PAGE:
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An Urban Experience
Use continuous suture patterns
Whereas using interrupted patterns for closure of entero- and enterectomy wounds is not wrong, it is slower and leaves more foreign body in the wounds.
When using a continuous pattern for enterectomy, the suture should be stop in at least one point 2 separate
to avoid creating a purse-string. Either a double- needled suture or 2 sutures (Figure 1) can be used. In
all cases, the sutures should be placed in a way that allows intraluminal control of the good apposition of the mesenteric portion intestinal edges, which means that the last portion to be sutured must be the antimesenteric border.
Figure 1: Intestinal anastomosis in 2 continuous patterns, using 2 single-needled sutures.
Preserve jejunal vessels when closing the mes- entery
When little tissue is present to close the mesentery without risking damaging the jejunal vessels, a horizontal mattress continuous suture can be used to place suture at a distance, in a vessel-free portion of the mesentery.
Omentalise without damaging the intestine
To omentalise the intestinal wound, the free extremity
of the greater omentum can be wrapped around the intestinal loop of interest and sutured on itself through a vessel-free portion of the mesentery, rather than sutured to the small intestine, to limit the trauma to the intestine.
Feed the gut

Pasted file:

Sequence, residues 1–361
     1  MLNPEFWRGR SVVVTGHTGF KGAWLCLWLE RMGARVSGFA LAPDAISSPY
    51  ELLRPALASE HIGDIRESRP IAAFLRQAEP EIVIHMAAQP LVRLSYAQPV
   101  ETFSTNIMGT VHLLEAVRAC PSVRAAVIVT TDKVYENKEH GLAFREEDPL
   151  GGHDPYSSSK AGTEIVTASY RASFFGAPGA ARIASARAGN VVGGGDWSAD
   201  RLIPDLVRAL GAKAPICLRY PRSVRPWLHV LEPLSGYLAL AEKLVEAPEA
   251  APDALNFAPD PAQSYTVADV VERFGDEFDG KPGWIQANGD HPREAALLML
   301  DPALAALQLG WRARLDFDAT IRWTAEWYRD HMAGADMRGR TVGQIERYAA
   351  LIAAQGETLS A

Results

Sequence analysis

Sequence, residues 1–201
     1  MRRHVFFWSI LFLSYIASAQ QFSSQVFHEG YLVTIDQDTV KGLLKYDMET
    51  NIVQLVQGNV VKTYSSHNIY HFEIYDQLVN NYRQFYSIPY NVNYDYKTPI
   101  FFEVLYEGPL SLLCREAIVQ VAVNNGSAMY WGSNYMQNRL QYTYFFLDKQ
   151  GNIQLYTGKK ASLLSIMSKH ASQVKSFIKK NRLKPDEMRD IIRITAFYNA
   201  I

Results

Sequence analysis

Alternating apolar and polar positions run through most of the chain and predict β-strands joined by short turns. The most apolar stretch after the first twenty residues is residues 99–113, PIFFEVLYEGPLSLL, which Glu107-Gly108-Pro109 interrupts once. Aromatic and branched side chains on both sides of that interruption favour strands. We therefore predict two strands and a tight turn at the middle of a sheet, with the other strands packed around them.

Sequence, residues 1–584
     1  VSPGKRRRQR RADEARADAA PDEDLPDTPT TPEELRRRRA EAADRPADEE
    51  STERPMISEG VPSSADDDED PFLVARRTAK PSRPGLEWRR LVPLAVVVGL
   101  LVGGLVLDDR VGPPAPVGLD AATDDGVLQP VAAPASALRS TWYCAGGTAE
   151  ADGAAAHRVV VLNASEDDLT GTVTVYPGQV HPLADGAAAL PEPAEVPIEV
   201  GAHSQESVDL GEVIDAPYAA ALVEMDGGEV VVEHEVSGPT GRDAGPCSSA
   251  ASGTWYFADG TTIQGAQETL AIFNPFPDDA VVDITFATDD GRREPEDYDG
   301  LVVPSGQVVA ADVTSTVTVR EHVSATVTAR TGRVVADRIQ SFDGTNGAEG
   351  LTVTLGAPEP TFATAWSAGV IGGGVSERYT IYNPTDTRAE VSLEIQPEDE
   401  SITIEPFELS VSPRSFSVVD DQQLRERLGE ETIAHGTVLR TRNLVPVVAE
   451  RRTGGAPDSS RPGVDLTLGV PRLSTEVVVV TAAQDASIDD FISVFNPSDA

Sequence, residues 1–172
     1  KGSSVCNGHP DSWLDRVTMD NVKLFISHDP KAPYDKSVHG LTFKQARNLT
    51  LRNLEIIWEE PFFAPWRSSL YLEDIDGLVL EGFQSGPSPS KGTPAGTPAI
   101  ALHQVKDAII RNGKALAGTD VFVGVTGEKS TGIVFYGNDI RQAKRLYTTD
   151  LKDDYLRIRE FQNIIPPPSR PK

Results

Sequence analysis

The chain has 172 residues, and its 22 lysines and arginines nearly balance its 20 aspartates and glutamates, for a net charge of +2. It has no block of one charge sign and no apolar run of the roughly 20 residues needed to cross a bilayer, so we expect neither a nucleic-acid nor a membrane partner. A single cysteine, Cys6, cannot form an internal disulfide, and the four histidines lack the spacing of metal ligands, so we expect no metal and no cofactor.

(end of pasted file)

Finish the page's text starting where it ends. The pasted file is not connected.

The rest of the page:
Never close an abdomen after intestinal surgery without considering whether a feeding tube should be placed. In most instances, an oesophagostomy tube will be most appropriate, and be placed after the abdomen is closed, but decisions must be made before closure, in case a gastrostomy, gastro-jejunostomy or jejunostomy tube would be preferable.
Use antibiotics wisely
In the absence of pre-existing perforation/rupture
or infection, entero- and enterectomies are clean- contaminated surgeries. As such, unless the amount of intestinal damage leads to a risk of bacterial translocation or if intraoperative contamination was signi cant and could not be addressed satisfactorily, only prophylactic antibiosis should be used (IV antibiotics given at induction and every 90 minutes throughout surgery, discontinued within 12 to 24 hours after surgery). Therapeutic antibiosis (prolongation of antibiotic administration beyond 24 hours postoperatively) should only be used
in case of strongly suspected or documented massive contamination or infection.

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